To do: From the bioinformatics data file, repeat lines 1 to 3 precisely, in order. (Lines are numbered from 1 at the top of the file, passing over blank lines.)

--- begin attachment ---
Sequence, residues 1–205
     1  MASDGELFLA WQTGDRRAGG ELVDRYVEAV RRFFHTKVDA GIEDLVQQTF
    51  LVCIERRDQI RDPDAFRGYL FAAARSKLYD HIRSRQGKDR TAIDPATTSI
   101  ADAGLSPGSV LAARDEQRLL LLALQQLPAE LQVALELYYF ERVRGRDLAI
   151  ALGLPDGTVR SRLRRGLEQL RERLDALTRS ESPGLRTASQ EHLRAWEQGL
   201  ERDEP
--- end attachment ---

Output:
Sequence, residues 1–205
     1  MASDGELFLA WQTGDRRAGG ELVDRYVEAV RRFFHTKVDA GIEDLVQQTF
    51  LVCIERRDQI RDPDAFRGYL FAAARSKLYD HIRSRQGKDR TAIDPATTSI